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Dominic Roskrow on the wonderful world of weird and wacky whiskies

Published:  20 February, 2015

New whisky distilleries are popping up all over the world and they're all competing to make a name for themselves. But some, says Dominic Roskrow, are turning to increasingly bizarre production methods in an attempt to be different

If you're making a drink with just grain, yeast and water, as you do with whisky, how do you create a flavour that sets you apart from the thousands of other whiskies you're competing with?

You could use a different grain to traditional barley, corn, rye and wheat, turning to the likes of oats, quinoa, spelt and triticale for something different.

You could try maturing your spirit in casks made of different wood such as hickory or cherrywood. Or you could use a cask that previously contained something unusual before it was used for whisky making. As far as I'm aware, there's no whisky matured in an ouzo cask available yet. Or old fermented coconut barrels.

You could try drying your malted grain over different heat sources, as they do in New Zealand with manuka wood, in Sweden with juniper twigs, or America, where every type of wood imaginable has been used a s a replacement for the more traditional peat.

Or you could just bend the rules and hope you get away with it, as they have done in india with molasses, in France with buckwheat, and in Corsica with chestnut.

What do you do, though, when all the available permutations appear to be exhausted?

Metaphysical whisky making

Well how about focusing not on the physical ingredients such as grain, wood and peat, but on the 'metaphysical' ones such as environment, humidity, temperature, and atmosphere?

And if this is starting to sound a wee bit pretentious at best and plain weird at worse, than welcome to the world of a small number of distilleries which seem to have taken a page out of the wacky wine pamphlet, married it up with one or two entries in the oddball vodka handbook, and come up with their own take on weird and wacky whisky.

Until recently this was the territory of the Scandinavians, who's approach to whisky making has tended towards a decidedly Insomnia-like eccentricity.

In Iceland, for instance. Flóki Distillery has added local flavour to its malts by adopting the local custom of using sheep dung as fuel.

But Sweden is the number one place for wacky whisky. Mackmyra matures some of its whisky in an underground mine so big that lorries can drive in to it. It stores some of its malt in old armouries on islands off the coast of Stockholm. And if you're fortunate enough to visit for a tasting with master distiller Angela D'Orazio, then chances are you won't bother waiting for the sea taxi to get back. No, Angela may just call the police to come and pick you up in a high power speed boat, so that you travel back to central Stockholm at 30 knots an hour and with a police escort. Wallander, eat your heart out.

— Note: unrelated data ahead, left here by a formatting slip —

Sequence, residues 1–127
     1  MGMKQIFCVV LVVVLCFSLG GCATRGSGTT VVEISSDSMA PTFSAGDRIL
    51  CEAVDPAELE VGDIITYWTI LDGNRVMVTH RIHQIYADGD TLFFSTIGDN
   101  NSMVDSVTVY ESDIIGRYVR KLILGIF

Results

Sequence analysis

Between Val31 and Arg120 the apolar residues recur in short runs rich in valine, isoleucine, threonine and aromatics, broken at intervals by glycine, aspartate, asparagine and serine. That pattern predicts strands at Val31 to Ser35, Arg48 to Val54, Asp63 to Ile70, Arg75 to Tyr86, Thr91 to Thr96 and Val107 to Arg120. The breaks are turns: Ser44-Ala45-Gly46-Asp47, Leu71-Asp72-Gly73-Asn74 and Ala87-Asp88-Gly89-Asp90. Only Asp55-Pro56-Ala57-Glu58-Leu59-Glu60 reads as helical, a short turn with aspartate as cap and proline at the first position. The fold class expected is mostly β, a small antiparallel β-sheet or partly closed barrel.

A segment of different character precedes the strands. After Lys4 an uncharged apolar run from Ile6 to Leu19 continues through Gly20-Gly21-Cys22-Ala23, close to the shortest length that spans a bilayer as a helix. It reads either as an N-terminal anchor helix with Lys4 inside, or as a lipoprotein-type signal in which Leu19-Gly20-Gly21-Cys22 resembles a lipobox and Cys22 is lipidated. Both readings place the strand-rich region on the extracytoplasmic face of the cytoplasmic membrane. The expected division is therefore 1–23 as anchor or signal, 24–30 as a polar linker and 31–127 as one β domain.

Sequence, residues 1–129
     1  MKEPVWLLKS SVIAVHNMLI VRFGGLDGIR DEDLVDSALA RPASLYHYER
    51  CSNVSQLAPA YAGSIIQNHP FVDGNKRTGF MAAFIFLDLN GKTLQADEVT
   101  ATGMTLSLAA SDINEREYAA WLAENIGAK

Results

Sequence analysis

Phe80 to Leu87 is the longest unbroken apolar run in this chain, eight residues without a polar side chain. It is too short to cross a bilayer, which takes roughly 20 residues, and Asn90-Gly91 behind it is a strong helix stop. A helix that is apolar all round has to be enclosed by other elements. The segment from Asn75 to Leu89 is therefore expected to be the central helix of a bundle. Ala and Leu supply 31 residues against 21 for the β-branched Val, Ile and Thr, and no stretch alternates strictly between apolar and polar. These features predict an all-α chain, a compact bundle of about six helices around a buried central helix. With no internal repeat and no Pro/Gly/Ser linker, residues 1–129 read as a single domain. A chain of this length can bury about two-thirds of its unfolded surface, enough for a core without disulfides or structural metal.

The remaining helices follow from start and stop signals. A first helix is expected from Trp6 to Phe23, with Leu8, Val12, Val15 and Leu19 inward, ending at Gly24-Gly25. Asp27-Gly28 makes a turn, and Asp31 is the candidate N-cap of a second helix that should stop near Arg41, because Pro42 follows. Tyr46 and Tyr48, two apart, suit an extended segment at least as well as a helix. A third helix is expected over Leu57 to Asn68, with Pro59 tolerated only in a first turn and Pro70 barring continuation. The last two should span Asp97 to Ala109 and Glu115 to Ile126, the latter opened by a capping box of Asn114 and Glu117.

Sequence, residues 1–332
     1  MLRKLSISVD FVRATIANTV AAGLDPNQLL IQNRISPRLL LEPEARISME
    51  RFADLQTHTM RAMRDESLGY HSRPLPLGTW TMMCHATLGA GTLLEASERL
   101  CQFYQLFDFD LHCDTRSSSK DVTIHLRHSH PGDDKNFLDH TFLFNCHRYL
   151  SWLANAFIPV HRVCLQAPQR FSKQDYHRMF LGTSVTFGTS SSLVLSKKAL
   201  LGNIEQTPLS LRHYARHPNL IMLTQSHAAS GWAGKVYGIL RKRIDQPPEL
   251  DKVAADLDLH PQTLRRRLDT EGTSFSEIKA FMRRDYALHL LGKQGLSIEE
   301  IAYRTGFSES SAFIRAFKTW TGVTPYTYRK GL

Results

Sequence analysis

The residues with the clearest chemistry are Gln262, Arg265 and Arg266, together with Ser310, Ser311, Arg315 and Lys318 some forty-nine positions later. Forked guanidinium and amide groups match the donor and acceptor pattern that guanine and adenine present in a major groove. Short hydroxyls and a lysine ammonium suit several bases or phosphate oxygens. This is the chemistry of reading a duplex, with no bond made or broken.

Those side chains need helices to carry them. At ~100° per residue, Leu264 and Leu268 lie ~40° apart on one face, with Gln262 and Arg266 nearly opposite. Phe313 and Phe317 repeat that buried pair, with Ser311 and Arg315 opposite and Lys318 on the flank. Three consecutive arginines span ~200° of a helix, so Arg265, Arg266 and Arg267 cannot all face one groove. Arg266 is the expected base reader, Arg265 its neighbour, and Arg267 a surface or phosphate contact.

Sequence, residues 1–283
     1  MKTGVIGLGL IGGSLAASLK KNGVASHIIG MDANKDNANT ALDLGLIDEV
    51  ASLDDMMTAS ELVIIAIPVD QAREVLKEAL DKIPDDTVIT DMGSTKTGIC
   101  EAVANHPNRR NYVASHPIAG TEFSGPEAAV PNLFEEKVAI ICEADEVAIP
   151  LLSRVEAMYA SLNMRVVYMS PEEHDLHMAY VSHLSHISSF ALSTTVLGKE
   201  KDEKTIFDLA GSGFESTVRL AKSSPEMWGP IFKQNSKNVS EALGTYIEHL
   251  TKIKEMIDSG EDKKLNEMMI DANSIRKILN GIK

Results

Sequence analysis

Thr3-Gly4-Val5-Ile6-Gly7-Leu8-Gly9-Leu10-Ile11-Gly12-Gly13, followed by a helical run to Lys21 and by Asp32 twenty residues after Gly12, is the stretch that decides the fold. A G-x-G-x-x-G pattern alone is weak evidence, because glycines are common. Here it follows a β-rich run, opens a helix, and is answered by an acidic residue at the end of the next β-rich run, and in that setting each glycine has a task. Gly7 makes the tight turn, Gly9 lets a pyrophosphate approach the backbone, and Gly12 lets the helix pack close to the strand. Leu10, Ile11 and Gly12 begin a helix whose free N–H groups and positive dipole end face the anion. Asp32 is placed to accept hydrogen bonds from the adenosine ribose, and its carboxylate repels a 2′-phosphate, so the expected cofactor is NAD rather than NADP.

Meanwhile in Northern Sweden, there is an area with one of the biggest Sikh temples outside India, even though there is no discernible Sikh community, and a Wild West village where adults - okay, men - can dress up and be cowboys for the weekend.

Here you'll find an old sawmill which used to make boxes for Victorian England. And this is now Box Distillery, where a group of whisky innovators are experimenting with climate and high quality, low-yielding grains not seen elsewhere in the world for 30 years or more.

Dedicated stuff, but the Swedish wacky crown is in danger of being dislodged by two Swiss guys, one of whom does internet security for a factory where three quarters of all Euro notes are made, and the other who makes diamonds out of the carbon left behind after cremating bodies. Really.

They do not distil, but buy spirit mainly from Liechtenstein Then they mature it in small Swiss red wine casks in and of eight caves way up in The Alps - the world's highest maturation facilities.

They get them there by cable car and to visit you have to drive up winding mountain tracks that are hazardous even in summer. They are experimenting with atmosphere and have some of the casks placed to benefit from what is known as the 'hair dryer' - a blast of warm air that can arrive at any time of the year and is hot enough to allow the region to grow grapes for wine production.

Whether any of these experiments will produce anything novel or unique remains to be seen. But even Scotland is keen to try something new. Glenmorangie's Dr Bill Lumsden in Scotland has even worked with NASA to send Ardbeg casks in to space.

Don't let it be said, then, that whisky isn't shooting for the stars.